My brother was at the dentist a few days ago and he was wondering if it was worth it to have his dentist apply a fluoride gel to his teeth. He wanted to know if there was really that much more fluoride in the dentist’s gel than is in his toothpaste and fluoride mouthwash. I told him that there is a lot more fluoride in the professionally-applied gels than there is in his home dental care products.
Usually dentists only give children fluoride gel at routine appointments, however adults may benefit from fluoride treatment. In the book Fluoride in Dentistry, Ole Fejerskov states, “Fluoride-containing mouth gels may be applied, usually by the dental professional once yearly, to individuals living in communities with low concentrations of fluoride in the water supply.” If you live in a community with water fluoridation and you brush your teeth with fluoridated toothpaste, you may want to consult with your dentist on whether or not the extra fluoride will do any good. After answering his question, I thought that other people may be interested in how much fluoride there is in different dental products. To make the amounts more clear, I will talk about fluoride concentration in parts per million in this article.
You can get a better perspective on PPM in the following article: How Much Fluoride Is in a PPM (Part per million)?
How Much Fluoride is In Various Dental Products?
1 PPM: Tap Water. Since the dental community has worked so hard to get fluoride in the public water supply to help prevent cavities, I figured I would add water into this list. The concentration goes up to 3 PPM if you boil that water in a Teflon-coated pot or pan. 226 PPM: Fluoride Mouth Wash. 226 PPM is the maximum allowable fluoride concentration available in over the counter fluoride mouthwashes (0.05% NaF), such as ACT Restoring Mouthwash. 910 PPM: Prescription Fluoride Mouthwash. 910 PPM is an acceptable concentration for prescription-strength fluoride mouthwash. Some prescription fluoride mouthwashes that contain stannous fluoride have a concentration of 970 PPM. 1500 PPM: Toothpaste. Most toothpastes are now at 1500 PPM of fluoride. The number has gradually increased over time. In the 1990’s most toothpaste in the United States had only 1000 PPM of fluoride. If you don’t want to spend the money on fluoride mouthwash, you can get the same cavity-fighting effect by simply brushing longer so that the toothpaste remains in contact with your teeth for more time. 12,300 PPM: Fluoride Gel. Remember the strawberry/orange/mint-flavored gel that your dentist gave you when you were a kid? The reason that it helps your teeth is because it contains so much fluoride — it’s made up of 1.23% acidulated phosphate fluoride. 19,300 PPM: Alginate Impression Material. Unexpectedly, that pasty stuff that dentists use to take impressions of your teeth contains a lot of fluoride! This study evaluated eight types of alginate and listed the PPM of each. I took the average to come up with 19,300 PPM. Another study has also looked at the fluoride concentrations in alginate impression material and came up with similar results. Don’t worry about getting too much fluoride though, since most of it stays locked up inside the impression material. 19,400 PPM: Stannous Fluoride Topical Solution. Although this isn’t used as much as the fluoride gels and varnishes, some dentists do apply topical stannous fluoride to their patients. 22,600 PPM: Fluoride Varnish. Fluoride varnish is painted on your teeth, similarly to how nail polish is painted on your nails. We usually use this to help combat tooth sensitivity. Fluoride varnish can also be used in children rather than the gels since it is easier for kids to swallow lots of the gel than it is for them to swallow a lot of the fluoride varnish.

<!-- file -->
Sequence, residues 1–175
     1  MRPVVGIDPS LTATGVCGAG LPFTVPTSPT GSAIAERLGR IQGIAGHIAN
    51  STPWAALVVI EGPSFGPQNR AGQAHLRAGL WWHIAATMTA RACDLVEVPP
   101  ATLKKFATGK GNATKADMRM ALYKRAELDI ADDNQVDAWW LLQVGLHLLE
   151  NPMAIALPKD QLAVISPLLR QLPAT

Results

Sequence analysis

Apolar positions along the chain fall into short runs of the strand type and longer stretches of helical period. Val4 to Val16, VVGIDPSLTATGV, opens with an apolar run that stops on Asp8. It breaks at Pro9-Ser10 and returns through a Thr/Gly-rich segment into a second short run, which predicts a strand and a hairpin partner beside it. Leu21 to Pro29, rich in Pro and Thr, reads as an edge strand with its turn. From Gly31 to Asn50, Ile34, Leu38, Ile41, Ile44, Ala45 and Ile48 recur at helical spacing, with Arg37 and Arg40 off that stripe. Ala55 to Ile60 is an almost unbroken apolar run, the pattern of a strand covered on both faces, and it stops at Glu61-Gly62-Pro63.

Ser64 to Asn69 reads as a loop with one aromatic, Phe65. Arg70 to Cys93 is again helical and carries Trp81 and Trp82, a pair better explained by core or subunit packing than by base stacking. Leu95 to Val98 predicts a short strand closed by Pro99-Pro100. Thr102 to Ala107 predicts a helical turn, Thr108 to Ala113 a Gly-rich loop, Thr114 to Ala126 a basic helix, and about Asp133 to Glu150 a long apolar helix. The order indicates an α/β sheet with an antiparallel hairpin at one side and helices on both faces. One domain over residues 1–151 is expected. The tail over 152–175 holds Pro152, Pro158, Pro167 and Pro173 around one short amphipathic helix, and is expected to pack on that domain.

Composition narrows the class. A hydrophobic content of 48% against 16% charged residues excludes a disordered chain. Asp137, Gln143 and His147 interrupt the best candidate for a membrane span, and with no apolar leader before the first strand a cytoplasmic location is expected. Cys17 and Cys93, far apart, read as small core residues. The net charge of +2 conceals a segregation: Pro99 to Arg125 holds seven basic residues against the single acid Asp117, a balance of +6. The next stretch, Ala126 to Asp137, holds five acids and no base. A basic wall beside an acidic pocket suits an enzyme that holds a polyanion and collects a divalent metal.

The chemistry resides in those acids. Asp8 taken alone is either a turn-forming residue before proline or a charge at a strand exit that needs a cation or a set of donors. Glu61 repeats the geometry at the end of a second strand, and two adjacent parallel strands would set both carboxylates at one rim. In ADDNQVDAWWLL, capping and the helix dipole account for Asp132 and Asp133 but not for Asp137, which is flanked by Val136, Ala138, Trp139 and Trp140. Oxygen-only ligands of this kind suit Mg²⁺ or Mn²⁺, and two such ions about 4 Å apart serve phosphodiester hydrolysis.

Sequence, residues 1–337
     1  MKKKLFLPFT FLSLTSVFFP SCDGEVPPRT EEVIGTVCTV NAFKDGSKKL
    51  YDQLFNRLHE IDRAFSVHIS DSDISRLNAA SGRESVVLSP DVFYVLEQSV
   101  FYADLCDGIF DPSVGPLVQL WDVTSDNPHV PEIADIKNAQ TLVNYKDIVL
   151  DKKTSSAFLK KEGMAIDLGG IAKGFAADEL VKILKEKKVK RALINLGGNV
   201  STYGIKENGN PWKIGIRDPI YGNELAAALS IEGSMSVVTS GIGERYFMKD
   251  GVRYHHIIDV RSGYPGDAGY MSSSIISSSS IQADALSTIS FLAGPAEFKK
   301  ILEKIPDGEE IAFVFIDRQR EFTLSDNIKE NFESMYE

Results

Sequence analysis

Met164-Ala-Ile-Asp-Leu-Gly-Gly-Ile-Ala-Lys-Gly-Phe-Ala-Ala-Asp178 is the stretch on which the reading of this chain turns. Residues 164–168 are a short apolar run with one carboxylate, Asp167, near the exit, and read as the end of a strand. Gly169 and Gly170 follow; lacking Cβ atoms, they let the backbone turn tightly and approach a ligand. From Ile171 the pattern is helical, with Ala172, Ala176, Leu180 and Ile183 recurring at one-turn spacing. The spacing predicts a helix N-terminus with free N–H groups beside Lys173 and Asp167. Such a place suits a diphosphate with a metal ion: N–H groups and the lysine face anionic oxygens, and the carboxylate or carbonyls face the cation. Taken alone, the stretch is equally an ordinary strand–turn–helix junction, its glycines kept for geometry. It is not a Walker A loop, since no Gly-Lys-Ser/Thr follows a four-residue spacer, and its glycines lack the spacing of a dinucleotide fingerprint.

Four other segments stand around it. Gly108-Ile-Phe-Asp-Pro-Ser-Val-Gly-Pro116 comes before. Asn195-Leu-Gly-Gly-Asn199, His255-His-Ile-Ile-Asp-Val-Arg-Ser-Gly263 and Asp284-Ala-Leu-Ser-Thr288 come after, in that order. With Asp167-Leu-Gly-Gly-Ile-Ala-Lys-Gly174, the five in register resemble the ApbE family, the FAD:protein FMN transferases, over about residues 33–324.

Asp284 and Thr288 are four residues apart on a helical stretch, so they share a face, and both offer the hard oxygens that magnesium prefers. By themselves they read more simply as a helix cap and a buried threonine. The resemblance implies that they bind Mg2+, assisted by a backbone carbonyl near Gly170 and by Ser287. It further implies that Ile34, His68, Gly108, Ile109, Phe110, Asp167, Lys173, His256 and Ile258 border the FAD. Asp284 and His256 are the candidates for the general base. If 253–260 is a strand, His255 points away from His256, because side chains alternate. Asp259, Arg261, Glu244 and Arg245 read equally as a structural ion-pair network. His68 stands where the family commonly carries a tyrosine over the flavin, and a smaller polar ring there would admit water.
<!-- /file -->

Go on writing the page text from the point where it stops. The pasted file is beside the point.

As you can see, there is a lot of fluoride in many of the dental products that are out there. Do you have any questions, comments, or concerns about the amount of fluoride in dental products? I’d love to hear what you have to say in the comments section below. Thanks for reading!